an opened silver laptop, calculator, and money behind it on a plain pink background 

SBA 504 Loan Program

The Small Business Administration’s 504 loan initiative provides fixed-rate loans to businesses, allowing them to invest in long-term assets like infrastructure or equipment.

These loans are channeled through certified development companies (CDCs), with the funding structure comprising 40% from the CDC, 50% from another financial institution, and a 10% contribution from the borrower. The CDC’s portion has SBA backing.

Eligibility criteria for these loans are:

  • Operating as a for-profit entity within the U.S. or its territories;
  • Maintaining a tangible net worth below $15 million;
  • Reporting an average net income below $5 million over the previous two years.

Repayment terms are either 10 or 20 years, with APR influenced by five- and 10-year treasury bonds rates, typically lower than typical bank rates. It’s crucial to remember that these loans come with certain fees and might not be the fastest option in terms of approval and disbursement.

Business Lines of Credit

Business lines of credit offer flexible access to funds. Instead of borrowing a fixed sum, companies can draw from this line as needed, akin to credit card operations. Only the borrowed amount accrues interest.

These credit lines generally range from $10,000 to $100,000, though larger amounts might require collateral. Qualification criteria include business performance, duration of operation, and revenue figures, among others.

The interest rates can either be fixed or variable, spanning from 7% to 36%. Approval processes for lines of credit are typically swift.

Business Credit Cards

Business credit cards are another avenue for equipment financing. They offer certain benefits over traditional loans, including more straightforward application procedures, potential introductory 0% APR offers, and continuous rewards in various forms. However, their limitations lie in lower credit limits and relatively higher APRs, ranging from 11% to 24%.

Relying heavily on credit cards might inflate the long-term costs of equipment, especially if balances aren’t cleared punctually. Thus, it might be more prudent to utilize business credit cards for less expensive purchases.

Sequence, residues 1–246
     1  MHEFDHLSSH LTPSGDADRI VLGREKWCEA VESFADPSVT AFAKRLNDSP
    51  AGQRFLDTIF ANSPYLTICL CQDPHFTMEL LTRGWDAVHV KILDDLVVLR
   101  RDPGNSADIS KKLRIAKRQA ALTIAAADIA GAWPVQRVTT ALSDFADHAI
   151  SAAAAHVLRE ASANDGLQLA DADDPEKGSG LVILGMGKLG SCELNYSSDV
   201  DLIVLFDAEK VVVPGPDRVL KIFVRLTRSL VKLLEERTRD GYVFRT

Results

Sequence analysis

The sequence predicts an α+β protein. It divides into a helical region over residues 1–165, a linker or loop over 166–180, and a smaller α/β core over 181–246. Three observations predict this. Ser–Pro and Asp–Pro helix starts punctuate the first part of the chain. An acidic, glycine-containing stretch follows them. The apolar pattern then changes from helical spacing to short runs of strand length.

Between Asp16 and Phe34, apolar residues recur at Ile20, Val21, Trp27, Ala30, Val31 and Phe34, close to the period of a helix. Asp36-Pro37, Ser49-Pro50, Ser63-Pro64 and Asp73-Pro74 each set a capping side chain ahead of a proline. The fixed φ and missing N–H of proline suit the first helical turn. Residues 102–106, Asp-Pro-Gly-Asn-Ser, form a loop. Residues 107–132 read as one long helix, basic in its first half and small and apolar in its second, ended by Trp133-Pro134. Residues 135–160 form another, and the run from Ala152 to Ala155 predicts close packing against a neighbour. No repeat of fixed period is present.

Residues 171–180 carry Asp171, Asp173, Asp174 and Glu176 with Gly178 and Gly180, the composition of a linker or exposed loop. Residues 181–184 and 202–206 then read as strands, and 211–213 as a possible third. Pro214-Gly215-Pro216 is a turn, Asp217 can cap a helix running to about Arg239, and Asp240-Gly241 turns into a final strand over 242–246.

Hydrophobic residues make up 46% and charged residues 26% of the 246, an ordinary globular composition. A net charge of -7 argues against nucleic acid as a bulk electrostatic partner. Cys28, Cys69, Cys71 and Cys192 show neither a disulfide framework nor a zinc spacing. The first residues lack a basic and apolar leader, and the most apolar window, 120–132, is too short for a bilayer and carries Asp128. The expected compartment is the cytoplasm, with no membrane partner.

Pros and Cons of Equipment Financing for Small Enterprises

Liquidity Maintenance: Equipment financing ensures that your cash reserves remain intact, allowing for other vital business expenditures.Risk of Asset Seizure: Should your loan be fortified with a blanket lien or a personal assurance, defaulting might lead to the lender seizing your business or personal holdings, inclusive of the funded equipment.
Ownership Possibilities: At the culmination of the lease term, there’s potential for outright ownership or an option to buy the equipment.Initial Payment Obligation: Based on the financing model, an upfront payment, often around 20%, may be necessitated.
Tax Benefits: The entire acquisition cost of eligible new or pre-owned equipment can be written off within the same fiscal year of its utilization. Challenges with Equipment Longevity: There’s a potential pitfall of investing in equipment that becomes redundant or malfunctions before the financing period concludes.
Accessibility for Startups: Startups might find the process of procuring equipment financing more challenging.

Comparing Equipment Leasing and Equipment Financing

A calculator, eyeglasses on a laptop, a leather wallet with banknotes, and scattered coins set against a dark background